You also never forgot the thair chadam…knowing that there was no location too proud, no occasion too fancy, no table too formal for a stainless steel vessel filled to the brim with curds, rice, and fried mustard seeds, best served in heaping mounds with a plastic soup ladle. Once, in my adolescence, I saw you make it with your bare hands in the kitchen of the Omni William Penn in a $700 sari wearing $2000 worth of gold jewelry while the hotel’s uniformed catering staff looked on in disbelief. When I was standing idly by and watching you, you handed me a plastic bag-encased bottle of Bedakar mango pickle from the depths of your Mary Poppins purse, and ordered me to find a spoon and add it to the buffet line. I hesitated momentarily, afraid of the way the offensive oily, orange-lidded jar of spicy, pickled mangoes would look against the grand opulence of sheer white linens and sterling silver trays, and, on your way out of the kitchen with a pathram of rice balanced on your hip, you snatched it out of my hands and did it yourself. You barked at me for not immediately following your instructions — irritated that I was embarrassed by the sight of empty buttermilk containers in the kitchen of one of the city’s most ritzy hotels — but I loved you all the more.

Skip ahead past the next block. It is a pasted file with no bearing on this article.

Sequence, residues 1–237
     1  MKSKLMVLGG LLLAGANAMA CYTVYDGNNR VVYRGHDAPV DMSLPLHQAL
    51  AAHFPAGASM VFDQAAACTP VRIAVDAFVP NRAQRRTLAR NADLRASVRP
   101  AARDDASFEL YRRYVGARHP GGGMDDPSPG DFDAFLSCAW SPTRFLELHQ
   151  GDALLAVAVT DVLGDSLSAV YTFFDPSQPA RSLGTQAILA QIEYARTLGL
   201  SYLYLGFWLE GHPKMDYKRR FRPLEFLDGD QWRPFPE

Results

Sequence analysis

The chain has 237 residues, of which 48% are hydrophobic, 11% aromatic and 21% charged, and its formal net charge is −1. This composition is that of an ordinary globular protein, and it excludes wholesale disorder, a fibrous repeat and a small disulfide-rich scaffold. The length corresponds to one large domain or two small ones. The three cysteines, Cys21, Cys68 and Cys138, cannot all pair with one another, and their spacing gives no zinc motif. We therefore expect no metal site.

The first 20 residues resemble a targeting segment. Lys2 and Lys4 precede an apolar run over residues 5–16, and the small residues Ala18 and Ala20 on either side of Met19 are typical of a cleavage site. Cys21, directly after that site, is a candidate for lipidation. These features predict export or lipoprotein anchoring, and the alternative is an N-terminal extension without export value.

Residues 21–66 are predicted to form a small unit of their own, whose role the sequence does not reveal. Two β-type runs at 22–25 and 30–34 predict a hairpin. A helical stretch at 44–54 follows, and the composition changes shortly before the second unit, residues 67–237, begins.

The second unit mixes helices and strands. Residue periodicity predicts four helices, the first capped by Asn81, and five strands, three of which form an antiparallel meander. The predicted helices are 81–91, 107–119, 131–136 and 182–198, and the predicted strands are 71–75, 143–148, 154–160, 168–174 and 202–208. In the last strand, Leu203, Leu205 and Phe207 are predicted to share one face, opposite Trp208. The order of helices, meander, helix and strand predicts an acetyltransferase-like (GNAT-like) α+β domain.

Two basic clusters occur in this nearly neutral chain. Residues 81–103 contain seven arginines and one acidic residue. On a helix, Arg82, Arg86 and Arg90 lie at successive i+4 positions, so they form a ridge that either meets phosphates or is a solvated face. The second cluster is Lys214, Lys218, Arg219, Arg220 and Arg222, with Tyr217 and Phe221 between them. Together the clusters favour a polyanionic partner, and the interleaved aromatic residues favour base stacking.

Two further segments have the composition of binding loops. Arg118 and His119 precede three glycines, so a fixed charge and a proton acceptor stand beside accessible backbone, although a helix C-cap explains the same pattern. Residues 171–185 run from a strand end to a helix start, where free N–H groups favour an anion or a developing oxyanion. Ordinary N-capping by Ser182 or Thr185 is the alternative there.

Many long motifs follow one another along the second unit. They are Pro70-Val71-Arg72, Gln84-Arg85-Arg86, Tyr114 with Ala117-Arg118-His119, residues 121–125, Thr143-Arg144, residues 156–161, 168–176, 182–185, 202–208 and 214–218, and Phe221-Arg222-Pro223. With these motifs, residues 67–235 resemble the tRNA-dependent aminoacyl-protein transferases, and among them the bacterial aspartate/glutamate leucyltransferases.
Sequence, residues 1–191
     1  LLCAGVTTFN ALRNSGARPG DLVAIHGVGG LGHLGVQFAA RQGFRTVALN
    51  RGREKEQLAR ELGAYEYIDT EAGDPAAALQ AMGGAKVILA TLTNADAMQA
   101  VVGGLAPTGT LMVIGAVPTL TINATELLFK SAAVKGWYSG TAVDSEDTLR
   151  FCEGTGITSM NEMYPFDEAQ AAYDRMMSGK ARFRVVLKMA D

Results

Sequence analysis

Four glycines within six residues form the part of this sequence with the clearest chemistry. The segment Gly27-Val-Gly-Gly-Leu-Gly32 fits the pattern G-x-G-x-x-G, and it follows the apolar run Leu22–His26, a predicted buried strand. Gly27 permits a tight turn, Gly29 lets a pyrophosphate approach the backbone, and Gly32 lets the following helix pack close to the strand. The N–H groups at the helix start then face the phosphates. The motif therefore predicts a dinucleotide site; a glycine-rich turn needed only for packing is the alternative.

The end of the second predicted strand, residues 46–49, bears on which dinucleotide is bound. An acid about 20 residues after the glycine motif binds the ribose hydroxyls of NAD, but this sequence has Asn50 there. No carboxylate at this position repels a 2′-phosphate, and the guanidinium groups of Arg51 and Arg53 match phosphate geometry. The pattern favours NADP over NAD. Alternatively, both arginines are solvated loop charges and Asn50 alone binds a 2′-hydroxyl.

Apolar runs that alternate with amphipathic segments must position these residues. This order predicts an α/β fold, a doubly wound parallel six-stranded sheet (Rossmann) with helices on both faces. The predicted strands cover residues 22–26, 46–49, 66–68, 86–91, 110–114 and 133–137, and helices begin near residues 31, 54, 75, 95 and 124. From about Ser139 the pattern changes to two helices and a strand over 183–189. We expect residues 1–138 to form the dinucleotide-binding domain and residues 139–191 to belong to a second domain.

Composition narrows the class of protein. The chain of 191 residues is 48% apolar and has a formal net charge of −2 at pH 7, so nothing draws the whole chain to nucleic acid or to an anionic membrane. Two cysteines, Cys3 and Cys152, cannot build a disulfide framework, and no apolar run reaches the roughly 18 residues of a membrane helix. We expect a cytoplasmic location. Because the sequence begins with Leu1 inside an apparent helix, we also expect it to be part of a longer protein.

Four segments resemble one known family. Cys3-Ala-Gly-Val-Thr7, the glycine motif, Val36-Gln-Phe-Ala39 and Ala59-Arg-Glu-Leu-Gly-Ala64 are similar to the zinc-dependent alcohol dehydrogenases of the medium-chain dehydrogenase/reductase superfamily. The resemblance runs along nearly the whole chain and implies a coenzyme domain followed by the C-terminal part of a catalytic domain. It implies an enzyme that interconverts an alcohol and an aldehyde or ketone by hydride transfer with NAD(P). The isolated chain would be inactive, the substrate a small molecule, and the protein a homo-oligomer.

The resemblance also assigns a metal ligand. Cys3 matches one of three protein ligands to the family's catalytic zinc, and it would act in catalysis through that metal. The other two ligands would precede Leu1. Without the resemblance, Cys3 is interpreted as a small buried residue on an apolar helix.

You had no less than 30 aunties buzz around you at the onset of every function like worker bees to the queen. They knew their role, their function, their designated vegetable in the buffet line, and always responded to your command like troops to the general. You always delegated, but they rarely focused and usually messed things up. You knew things only turned out right when you did them yourself.